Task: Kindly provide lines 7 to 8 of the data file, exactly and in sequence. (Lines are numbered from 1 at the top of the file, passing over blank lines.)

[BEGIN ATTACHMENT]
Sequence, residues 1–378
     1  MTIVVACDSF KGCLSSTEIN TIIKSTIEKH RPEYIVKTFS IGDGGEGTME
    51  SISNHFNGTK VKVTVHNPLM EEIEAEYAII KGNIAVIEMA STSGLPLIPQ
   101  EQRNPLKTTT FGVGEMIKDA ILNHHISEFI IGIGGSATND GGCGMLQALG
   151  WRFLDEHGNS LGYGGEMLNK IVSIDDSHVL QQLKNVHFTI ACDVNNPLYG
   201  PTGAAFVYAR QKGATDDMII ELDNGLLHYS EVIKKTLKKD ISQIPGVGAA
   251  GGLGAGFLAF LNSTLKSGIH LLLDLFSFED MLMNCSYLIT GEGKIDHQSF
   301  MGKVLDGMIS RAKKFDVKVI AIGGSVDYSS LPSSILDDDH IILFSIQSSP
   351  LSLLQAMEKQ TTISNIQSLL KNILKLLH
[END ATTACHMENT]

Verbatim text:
   251  GGLGAGFLAF LNSTLKSGIH LLLDLFSFED MLMNCSYLIT GEGKIDHQSF
   301  MGKVLDGMIS RAKKFDVKVI AIGGSVDYSS LPSSILDDDH IILFSIQSSP